‘You don’t get what everybody else gets’: Melissa McCarthy doesn’t like ‘plus-size’ label
(Aug. 18, 2015) — As she launches her new clothing line this month, Melissa McCarthy says she doesn’t want to see her clothes in a different section just because they include options for larger women.
“I don’t like the segregated plus section,” the actress told Refinery 29. “You’re saying: ‘You don’t get what everybody else gets. You have to go shop up by the tire section.'”
Melissa McCarthy Seven7 sizes run from 4 through 28, and she is advocating for doing away with the “plus-size” label because, as she says, “Women come in all sizes.”
“Seventy percent of women in the United States are a size 14 or above, and that’s technically ‘plus-size,’ so you’re taking your biggest category of people and telling them, ‘You’re not really worthy.’ I find that very strange,” McCarthy said. “I also find it very bad business. It doesn’t make a lot of sense numbers-wise. It’s like, if you open a restaurant and you say, ‘We’re primarily gonna serve people that don’t eat.’ ”
A woman of substance herself, McCarthy knows of what she speaks.
Not only did she aspire to be a fashion designer in her younger years (she moved to New York in the 1980s to attend the Fashion Institute of Technology), but McCarthy — who has recently shed some pounds — has long had problems finding clothing she likes in her size.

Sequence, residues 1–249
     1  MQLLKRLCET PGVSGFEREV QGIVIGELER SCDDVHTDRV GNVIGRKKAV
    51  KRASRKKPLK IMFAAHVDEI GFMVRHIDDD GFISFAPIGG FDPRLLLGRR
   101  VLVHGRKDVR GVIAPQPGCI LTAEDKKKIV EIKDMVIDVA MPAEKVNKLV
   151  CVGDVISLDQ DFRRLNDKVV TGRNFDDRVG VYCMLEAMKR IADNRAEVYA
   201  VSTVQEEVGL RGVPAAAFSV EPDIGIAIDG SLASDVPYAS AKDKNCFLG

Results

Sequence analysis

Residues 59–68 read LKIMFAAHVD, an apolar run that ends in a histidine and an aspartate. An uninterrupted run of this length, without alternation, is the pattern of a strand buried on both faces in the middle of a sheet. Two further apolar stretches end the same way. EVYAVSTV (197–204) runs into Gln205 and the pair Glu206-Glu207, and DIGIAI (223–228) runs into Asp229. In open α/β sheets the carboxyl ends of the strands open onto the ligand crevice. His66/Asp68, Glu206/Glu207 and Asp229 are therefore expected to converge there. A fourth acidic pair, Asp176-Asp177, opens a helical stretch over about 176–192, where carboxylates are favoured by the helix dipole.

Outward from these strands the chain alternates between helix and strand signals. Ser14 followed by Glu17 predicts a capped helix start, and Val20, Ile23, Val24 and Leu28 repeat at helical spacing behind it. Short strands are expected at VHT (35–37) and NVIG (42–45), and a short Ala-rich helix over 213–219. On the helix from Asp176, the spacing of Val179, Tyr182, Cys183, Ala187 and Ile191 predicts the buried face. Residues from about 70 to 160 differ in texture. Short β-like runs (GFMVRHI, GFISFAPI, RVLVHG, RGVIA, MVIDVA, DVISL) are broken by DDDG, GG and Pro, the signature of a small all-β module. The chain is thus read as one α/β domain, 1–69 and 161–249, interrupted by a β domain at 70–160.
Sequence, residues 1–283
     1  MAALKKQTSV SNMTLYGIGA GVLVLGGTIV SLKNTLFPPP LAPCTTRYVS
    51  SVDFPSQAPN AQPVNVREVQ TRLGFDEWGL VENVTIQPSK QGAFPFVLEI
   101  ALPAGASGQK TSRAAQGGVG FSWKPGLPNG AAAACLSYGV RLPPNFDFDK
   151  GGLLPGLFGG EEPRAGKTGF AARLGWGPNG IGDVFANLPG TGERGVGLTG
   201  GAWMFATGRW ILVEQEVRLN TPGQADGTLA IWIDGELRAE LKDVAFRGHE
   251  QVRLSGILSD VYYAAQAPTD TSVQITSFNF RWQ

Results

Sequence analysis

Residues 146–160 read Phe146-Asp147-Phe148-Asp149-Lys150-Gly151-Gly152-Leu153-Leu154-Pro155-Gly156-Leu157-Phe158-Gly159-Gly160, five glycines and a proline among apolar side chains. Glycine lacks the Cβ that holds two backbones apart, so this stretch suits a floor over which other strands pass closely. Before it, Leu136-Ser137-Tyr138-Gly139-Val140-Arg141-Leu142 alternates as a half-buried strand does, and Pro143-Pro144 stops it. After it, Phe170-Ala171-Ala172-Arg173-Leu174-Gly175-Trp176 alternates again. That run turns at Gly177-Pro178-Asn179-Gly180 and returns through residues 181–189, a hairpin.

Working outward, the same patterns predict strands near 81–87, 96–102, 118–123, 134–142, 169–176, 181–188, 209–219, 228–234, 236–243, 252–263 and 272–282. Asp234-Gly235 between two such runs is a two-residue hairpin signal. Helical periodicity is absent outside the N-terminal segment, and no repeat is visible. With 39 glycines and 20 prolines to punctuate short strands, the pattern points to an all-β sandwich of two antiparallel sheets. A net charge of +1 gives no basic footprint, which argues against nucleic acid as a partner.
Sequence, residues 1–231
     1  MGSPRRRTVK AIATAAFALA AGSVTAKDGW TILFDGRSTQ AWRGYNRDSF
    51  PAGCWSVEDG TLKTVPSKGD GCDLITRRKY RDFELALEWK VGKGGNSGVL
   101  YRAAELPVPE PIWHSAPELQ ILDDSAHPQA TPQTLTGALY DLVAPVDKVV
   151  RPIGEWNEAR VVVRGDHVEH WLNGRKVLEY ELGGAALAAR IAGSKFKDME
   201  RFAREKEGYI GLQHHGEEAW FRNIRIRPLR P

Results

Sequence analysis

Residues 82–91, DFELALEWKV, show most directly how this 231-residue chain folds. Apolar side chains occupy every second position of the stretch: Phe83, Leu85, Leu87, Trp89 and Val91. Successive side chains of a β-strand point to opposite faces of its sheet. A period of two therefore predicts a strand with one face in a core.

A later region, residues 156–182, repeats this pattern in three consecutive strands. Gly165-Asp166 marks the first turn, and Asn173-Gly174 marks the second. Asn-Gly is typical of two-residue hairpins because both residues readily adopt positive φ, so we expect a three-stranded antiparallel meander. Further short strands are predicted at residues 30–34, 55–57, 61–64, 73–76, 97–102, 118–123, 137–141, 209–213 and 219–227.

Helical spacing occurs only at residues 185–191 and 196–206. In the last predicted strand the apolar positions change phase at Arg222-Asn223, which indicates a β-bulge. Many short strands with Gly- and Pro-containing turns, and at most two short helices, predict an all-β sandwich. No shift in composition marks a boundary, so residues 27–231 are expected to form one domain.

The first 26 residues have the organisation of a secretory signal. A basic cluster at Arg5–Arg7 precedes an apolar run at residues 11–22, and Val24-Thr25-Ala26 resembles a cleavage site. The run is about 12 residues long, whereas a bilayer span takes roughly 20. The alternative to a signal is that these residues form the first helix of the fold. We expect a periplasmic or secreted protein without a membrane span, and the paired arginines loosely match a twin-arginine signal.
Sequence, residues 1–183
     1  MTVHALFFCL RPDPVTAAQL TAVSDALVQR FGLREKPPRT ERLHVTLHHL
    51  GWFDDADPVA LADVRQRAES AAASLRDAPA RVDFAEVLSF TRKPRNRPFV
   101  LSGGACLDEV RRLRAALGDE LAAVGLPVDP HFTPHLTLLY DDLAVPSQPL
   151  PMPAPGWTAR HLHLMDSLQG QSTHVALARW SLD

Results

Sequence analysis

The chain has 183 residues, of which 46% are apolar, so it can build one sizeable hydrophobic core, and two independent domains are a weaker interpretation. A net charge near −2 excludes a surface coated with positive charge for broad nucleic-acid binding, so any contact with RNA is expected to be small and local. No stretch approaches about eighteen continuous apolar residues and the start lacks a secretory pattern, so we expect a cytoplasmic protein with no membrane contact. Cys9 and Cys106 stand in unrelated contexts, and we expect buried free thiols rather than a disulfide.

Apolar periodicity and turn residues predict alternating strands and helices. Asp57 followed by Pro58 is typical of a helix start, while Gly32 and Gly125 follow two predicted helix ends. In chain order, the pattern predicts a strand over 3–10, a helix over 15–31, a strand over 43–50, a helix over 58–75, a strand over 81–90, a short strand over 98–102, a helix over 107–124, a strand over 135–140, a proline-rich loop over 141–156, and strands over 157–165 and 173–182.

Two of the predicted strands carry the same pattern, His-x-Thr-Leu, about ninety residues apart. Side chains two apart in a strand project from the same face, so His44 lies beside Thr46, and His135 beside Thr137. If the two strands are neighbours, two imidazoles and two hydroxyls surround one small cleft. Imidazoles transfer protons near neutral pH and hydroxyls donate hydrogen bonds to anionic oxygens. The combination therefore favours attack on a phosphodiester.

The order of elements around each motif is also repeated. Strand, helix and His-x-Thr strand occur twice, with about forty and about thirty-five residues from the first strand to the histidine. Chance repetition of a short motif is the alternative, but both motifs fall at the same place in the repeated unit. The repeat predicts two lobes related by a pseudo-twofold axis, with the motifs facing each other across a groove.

“Even starting with ‘Girlmore Girls,’ (I’d say to the costume designer,) ‘Let’s rip the bottom off. Can I put different sleeves on it? If I rip this sweater apart, can you make a hat out of it?’ ” she said. “And then when I would go out and shop by myself, I guess I was always kind of repeatedly disappointed that things skewed so much older or so much younger.”
The star of the forthcoming “Ghostbusters” reboot now has a better relationship with jeans, having designed some she feels work better for larger women. She’ll see her line debut at retailers like Bloomingdales, Nordstrom, HSN and Lane Bryant. Some of the stores have agreed to her request to display her clothing with all the other sizes, she said.
“I said, ‘Run the sizes as I make them and let friends go shopping with their friends. Stop segregating women,’ ” McCarthy said “And they said, ‘Okay.’ “